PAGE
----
It is heart-wrenching when unsuspecting poorer or disadvantaged people are instructed, coerced, convinced or pressured to appear alone before the board (in spite of the ordinance’s clear statements that no one can be forced to appear before the board – ordinance p. 12-13) and then receive no mercy from the board’s present “interpretation” of the ordinance’s standards, standards which some board members, especially certain chairmen, have historically not been required to personally follow. Equally disturbing, some board members seem to feed off the petty control they exercise over their neighbors. It is even more repugnant when board members are just oh-so polite and nice and “helpful” while they separate the property owners from their American constitutional and civil rights and liberties. Too often neither the board member nor the owner realizes at the time just how deeply both have been cheated and robbed though the owner is the most aware that something wrong, even evil, has just been done to them.

The presence of 5 judges is supposed to eliminate the influence that any one board member can exert upon each situation. But the chairman who becomes accustomed, even addicted, to the feelings of power over one’s neighbors that are incorporated into the board meetings, becomes dangerous to the community. Reginald Richey as chairman demonstrated this some 10 years ago and the most recent statements from L.M. Smith about burning houses clearly indicates the same thing yet again. Even when less obnoxious chairmen, like Tom Mann or Bill Strauser, are in charge, arbitrary decisions place the district under the control of a person and not under the clear wordings of a law. This is not what America is supposed to be about.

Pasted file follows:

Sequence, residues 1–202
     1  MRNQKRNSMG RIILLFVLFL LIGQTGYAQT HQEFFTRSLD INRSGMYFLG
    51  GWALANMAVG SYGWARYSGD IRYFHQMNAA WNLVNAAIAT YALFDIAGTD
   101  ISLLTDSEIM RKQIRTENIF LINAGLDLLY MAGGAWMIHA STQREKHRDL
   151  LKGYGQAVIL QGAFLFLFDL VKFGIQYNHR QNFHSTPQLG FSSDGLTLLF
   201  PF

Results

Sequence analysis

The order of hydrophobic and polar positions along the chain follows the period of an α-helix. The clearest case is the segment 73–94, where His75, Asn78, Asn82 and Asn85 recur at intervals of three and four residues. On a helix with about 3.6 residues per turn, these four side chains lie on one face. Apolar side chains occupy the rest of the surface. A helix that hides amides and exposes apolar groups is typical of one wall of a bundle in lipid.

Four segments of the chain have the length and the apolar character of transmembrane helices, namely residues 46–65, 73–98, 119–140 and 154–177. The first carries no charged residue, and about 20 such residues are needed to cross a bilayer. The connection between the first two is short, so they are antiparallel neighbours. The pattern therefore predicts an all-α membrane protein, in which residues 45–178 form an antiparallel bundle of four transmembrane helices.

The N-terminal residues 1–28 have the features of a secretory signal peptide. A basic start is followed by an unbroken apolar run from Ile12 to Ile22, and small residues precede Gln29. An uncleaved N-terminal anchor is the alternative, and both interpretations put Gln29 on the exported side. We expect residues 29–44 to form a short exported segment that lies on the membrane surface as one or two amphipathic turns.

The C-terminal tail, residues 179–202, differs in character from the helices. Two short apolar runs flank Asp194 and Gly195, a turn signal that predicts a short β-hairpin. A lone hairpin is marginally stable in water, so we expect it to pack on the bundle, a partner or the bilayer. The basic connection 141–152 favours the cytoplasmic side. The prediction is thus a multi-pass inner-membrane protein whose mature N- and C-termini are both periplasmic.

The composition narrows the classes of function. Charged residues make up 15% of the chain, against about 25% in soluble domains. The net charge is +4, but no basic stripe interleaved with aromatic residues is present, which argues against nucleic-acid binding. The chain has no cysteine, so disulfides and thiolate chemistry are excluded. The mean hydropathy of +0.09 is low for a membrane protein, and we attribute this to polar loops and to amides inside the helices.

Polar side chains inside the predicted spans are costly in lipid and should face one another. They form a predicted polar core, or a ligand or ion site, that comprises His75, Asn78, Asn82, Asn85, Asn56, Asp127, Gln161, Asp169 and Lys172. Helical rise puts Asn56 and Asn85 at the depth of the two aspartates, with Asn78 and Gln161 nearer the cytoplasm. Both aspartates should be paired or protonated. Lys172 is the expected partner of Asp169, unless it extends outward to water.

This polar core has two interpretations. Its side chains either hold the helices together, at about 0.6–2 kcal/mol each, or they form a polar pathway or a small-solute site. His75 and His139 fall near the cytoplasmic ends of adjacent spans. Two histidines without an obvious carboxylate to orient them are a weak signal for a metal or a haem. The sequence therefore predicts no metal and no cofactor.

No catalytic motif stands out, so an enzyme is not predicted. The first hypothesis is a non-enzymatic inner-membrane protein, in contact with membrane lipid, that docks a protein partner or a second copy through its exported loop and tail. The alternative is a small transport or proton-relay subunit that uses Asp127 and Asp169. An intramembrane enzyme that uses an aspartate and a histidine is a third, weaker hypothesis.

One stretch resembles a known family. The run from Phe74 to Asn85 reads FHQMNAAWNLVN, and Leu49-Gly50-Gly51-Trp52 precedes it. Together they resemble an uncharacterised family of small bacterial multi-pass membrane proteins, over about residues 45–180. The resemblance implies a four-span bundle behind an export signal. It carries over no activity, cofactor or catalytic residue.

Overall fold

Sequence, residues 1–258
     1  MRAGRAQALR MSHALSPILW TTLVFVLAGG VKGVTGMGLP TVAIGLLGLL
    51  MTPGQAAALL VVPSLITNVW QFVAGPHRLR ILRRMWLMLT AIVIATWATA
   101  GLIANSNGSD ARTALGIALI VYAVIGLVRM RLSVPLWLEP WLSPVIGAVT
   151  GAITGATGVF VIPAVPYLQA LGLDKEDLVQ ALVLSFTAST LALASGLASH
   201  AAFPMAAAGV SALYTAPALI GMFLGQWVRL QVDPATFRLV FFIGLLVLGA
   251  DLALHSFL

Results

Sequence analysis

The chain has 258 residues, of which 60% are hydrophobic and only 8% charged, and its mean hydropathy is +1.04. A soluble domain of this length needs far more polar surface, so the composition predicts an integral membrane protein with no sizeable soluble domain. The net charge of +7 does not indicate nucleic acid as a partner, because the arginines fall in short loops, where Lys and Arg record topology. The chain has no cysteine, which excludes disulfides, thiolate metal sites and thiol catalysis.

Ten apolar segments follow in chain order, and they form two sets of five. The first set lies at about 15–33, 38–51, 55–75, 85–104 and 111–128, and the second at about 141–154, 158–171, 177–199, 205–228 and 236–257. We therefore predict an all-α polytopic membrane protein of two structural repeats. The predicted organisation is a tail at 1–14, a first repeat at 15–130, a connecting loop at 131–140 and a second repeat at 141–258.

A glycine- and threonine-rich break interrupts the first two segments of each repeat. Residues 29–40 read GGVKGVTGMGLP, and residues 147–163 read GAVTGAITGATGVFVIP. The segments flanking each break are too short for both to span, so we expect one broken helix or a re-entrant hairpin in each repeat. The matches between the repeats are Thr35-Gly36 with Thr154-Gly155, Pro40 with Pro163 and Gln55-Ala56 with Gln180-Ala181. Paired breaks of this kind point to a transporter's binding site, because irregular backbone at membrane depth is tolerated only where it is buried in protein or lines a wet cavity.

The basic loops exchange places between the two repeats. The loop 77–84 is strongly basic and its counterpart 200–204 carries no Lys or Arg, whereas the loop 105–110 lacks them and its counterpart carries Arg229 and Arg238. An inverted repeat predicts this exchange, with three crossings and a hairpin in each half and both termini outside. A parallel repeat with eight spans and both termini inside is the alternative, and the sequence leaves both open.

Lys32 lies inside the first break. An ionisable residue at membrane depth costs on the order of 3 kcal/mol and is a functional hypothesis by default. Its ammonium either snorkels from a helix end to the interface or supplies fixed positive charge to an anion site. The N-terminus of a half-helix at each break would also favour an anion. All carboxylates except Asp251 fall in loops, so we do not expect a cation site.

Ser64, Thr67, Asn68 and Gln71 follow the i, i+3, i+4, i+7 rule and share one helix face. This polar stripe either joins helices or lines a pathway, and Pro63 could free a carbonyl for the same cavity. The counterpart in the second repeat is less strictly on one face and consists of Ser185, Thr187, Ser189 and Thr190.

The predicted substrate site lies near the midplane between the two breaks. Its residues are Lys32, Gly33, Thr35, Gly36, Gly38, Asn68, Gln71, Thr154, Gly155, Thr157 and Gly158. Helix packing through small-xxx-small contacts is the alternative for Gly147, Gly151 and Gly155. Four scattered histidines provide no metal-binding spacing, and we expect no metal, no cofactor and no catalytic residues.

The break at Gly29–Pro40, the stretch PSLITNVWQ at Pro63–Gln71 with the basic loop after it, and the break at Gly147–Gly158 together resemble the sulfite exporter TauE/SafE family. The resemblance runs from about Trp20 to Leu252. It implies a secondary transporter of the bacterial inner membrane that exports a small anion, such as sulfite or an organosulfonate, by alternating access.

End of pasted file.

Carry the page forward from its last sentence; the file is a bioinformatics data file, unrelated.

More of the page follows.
The ordinance and function of the board is little more than a socialistic tool designed to reintroduce free-spirited Americans to the concepts

Even L.M. Smith has said the separation of enforcement to the county is “to keep people from pickin’ on other people or, you know, startin’ a Hatfield/McCoy feud.” (January 2018 LHPB meeting) Of course, Smith said this as he singled out the Girrards as the house most in need of enforcement and expressed his personal desire that their house be burned down! Knowing that the law is meant to keep out personal feuds and then using one’s position as board chairman to instigate a personal feud should be grounds for dismissal. But Smith has money and lawyers and jicky politics is the rule of the day.

It is still true that absolute (or unaccountable) power still corrupts absolutely. As a result, the board provides a cozy, comfortable place for power-hungry, petty despots who cannot otherwise attain to more powerful positions. Pathetic, sad and embarrassing are the most accurate descriptors one can choose to describe the historical board.